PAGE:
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Prognostic value of health-related quality of life in elderly patients hospitalized with heart failure

Authors Erceg P, Despotovic N, Milosevic DP, Soldatovic I, Mihajlovic G, Vukcevic V, Mitrovic P, Markovic-Nikolic N, Micovic M, Mitrovic D, Davidovic M

Received 13 January 2019

Accepted for publication 30 April 2019

Published 22 May 2019 Volume 2019:14 Pages 935—945


Checked for plagiarism Yes

Review by Single anonymous peer review

Peer reviewer comments 2

Editor who approved publication: Dr Richard Walker

Predrag Erceg,1,2 Nebojsa Despotovic,1,2 Dragoslav P Milosevic,1,2 Ivan Soldatovic,1 Gordana Mihajlovic,1,2 Vladan Vukcevic,1,3 Predrag Mitrovic,1,3 Natasa Markovic-Nikolic,1,4 Milica Micovic,2 Dragica Mitrovic,5 Mladen Davidovic1

1Faculty of Medicine, University of Belgrade, Belgrade, Serbia; 2Clinical Department of Geriatrics, “Zvezdara” University Hospital, Belgrade, Serbia; 3Cardiology Clinic, Clinical Center of Serbia, Belgrade, Serbia; 4Clinical Department of Cardiology, “Zvezdara” University Hospital, Belgrade, Serbia; 5Department of Physical Medicine and Rehabilitation, “Zvezdara” University Hospital, Belgrade, Serbia

Purpose: Previous research has shown that poor health-related quality of life (HRQOL) is associated with adverse long-term prognosis in patients with heart failure (HF); however, there have been inconsistencies among studies and not all of them confirmed the prognostic value of HRQOL. In addition, few studies involved elderly patients and most focused on all-cause mortality and HF-related hospitalization as outcomes. The aim of our study was to determine whether HRQOL is a predictor and an independent predictor of long-term cardiac mortality, all-cause mortality, and HF-related rehospitalization in elderly patients hospitalized with HF.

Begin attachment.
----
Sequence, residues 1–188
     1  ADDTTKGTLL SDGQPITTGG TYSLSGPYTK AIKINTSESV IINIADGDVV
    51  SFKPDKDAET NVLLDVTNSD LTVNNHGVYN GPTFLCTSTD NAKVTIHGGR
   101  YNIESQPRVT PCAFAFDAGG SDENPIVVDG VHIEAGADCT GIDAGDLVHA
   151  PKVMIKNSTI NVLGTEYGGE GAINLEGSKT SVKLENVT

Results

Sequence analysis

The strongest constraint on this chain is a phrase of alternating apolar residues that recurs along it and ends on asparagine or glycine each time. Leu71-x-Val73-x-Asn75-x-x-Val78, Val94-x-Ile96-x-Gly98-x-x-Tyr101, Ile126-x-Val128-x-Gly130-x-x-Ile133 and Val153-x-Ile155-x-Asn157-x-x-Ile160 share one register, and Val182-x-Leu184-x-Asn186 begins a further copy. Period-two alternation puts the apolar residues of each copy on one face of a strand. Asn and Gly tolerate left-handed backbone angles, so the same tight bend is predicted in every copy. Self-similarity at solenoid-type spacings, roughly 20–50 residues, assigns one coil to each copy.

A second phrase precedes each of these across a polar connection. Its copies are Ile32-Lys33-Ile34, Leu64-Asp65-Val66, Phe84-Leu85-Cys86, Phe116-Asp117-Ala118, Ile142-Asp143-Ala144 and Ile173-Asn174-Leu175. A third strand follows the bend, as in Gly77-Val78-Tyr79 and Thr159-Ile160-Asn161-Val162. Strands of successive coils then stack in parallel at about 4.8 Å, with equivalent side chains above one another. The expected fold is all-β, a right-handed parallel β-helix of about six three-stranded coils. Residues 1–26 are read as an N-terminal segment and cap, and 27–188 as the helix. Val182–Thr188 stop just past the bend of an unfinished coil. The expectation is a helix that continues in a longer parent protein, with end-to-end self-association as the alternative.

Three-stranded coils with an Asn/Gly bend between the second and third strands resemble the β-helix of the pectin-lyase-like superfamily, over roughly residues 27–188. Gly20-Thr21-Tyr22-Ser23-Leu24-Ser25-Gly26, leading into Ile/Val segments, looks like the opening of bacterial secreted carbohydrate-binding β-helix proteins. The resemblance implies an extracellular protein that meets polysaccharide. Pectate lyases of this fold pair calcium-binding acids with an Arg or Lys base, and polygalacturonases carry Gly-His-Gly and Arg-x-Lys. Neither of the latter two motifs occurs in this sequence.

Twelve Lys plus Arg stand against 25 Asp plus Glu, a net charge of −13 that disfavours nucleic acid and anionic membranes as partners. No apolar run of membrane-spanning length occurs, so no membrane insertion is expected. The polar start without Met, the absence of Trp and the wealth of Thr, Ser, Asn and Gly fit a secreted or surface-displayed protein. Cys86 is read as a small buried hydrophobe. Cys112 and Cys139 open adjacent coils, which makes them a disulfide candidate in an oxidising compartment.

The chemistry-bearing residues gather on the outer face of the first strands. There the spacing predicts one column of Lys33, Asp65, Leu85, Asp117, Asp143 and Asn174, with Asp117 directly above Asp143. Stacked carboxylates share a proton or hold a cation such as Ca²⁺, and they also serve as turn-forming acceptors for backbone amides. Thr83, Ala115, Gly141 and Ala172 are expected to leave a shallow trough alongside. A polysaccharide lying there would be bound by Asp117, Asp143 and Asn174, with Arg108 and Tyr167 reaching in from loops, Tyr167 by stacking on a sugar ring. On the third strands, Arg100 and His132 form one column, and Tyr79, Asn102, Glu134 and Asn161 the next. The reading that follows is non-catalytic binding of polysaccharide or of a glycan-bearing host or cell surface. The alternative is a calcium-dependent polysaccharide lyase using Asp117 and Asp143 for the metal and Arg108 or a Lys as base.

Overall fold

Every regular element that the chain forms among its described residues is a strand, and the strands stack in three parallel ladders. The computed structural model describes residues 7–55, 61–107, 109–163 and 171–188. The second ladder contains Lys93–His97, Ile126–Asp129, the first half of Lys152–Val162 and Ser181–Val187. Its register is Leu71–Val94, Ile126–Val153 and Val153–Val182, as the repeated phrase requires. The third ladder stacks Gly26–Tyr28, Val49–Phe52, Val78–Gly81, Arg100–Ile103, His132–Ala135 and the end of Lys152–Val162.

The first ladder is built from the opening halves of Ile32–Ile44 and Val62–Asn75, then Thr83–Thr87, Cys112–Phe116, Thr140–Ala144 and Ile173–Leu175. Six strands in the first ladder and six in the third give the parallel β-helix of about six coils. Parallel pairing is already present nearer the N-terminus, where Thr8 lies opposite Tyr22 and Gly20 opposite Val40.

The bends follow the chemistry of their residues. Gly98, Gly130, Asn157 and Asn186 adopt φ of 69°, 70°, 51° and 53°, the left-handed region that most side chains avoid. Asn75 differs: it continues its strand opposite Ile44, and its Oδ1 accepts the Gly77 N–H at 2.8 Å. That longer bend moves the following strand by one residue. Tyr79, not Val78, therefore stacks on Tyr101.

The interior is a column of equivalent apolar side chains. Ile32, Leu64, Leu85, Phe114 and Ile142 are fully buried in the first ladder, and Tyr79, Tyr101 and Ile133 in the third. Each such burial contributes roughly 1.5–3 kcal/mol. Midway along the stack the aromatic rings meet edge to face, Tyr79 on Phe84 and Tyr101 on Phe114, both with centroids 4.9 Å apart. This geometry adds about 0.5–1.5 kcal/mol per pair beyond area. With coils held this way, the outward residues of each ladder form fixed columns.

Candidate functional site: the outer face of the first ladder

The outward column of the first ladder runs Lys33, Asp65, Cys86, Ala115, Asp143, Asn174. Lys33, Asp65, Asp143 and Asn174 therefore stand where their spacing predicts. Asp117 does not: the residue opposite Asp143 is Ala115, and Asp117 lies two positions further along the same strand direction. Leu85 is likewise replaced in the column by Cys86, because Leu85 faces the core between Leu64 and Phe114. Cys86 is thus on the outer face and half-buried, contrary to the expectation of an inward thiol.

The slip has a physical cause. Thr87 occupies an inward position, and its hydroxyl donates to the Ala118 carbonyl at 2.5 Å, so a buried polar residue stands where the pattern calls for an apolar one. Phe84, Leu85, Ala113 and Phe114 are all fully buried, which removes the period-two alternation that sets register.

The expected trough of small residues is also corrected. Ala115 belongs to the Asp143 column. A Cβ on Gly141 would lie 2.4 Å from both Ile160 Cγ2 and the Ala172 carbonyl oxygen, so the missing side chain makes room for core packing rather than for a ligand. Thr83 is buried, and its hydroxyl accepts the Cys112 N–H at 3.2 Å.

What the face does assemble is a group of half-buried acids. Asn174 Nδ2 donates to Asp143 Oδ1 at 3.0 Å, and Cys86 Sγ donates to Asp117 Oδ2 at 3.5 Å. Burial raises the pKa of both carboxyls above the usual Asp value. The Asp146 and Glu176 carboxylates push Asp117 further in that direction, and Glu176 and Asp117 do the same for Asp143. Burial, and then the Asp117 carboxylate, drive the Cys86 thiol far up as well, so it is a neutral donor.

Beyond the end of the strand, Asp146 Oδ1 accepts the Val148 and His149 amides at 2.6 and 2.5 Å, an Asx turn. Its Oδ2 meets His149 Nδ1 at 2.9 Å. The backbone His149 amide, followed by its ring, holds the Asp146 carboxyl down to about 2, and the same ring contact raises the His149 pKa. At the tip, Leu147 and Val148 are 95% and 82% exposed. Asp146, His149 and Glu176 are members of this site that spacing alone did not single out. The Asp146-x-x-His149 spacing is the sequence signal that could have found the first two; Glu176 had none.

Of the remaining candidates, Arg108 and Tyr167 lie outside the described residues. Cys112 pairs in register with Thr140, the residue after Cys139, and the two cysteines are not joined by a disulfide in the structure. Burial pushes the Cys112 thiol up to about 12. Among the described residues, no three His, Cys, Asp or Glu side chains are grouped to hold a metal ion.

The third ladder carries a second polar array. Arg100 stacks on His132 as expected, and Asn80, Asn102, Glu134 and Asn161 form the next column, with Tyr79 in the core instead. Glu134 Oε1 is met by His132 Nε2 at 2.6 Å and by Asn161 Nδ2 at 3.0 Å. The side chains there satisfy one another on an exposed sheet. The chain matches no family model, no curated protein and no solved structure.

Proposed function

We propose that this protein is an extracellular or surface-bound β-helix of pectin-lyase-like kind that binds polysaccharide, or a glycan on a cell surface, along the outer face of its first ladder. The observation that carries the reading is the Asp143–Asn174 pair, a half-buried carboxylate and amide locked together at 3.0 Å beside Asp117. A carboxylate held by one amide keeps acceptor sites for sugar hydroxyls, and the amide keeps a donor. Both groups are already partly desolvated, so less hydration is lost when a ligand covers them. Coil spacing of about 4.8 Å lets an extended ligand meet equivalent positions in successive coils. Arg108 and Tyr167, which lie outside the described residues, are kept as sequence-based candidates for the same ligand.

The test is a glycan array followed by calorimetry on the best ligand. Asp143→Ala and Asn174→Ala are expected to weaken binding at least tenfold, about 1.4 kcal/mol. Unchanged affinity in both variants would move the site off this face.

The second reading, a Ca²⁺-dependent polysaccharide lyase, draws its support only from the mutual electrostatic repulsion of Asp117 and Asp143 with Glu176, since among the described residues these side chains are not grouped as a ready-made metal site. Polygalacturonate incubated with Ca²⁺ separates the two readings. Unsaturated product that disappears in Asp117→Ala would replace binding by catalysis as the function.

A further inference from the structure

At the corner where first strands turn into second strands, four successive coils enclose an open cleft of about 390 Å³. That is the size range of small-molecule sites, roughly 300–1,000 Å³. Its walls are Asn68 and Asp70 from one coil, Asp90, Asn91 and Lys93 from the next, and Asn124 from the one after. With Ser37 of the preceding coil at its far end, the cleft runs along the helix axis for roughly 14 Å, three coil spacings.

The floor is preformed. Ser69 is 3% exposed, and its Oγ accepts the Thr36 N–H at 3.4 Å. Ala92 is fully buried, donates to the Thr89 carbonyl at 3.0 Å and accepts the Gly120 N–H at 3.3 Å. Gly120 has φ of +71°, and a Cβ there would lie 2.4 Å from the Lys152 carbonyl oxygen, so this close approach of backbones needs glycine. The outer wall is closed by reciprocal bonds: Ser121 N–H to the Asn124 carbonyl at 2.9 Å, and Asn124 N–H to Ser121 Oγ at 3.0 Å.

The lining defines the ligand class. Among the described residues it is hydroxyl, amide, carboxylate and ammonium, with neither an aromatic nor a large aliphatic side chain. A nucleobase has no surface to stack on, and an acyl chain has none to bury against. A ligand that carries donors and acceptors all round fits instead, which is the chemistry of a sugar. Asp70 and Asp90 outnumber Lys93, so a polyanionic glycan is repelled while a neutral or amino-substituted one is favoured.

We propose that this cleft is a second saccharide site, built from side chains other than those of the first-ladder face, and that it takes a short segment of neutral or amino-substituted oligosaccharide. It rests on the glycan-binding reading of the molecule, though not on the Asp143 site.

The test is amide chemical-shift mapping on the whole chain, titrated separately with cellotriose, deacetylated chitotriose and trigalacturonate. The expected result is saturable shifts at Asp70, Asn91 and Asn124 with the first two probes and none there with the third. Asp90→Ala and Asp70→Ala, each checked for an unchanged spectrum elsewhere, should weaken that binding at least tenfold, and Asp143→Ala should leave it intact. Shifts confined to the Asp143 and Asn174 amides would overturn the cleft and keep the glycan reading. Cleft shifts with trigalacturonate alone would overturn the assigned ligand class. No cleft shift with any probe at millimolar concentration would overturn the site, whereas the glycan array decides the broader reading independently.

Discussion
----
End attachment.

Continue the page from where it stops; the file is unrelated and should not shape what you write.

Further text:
Patients and methods: This prospective observational study included 200 elderly patients hospitalized with HF in Serbia. HRQOL was measured using the Minnesota Living with Heart Failure questionnaire (MLHFQ). The median follow-up period was 28 months. The primary outcome was cardiac mortality, and all-cause mortality and HF-related rehospitalization were secondary outcomes. Survival analysis was conducted using the Kaplan–Meier method and Cox-proportional hazards regression.
Results: Subjects with poor HRQOL (higher than the median MLHFQ score) had a higher probability of cardiac mortality (P=0.029) and HF-related rehospitalization (P=0.001) during long-term follow-up. Poor HRQOL was an independent predictor of cardiac mortality (HR: 2.051, 95% CI: 1.260–3.339, P=0.004), all-cause mortality (HR: 1.620, 95% CI: 1.076–2.438, P=0.021), and HF-related rehospitalization (HR: 2.040, 95% CI: 1.290–3.227, P=0.002).
Conclusion: HRQOL is an independent predictor of long-term cardiac mortality in elderly patients hospitalized with HF. It also independently predicts all-cause mortality and HF-related rehospitalization. HRQOL could be used as a complementary clinical predictive tool in this patient population.

Keywords: aged, heart disease, self-perception of health, prognosis

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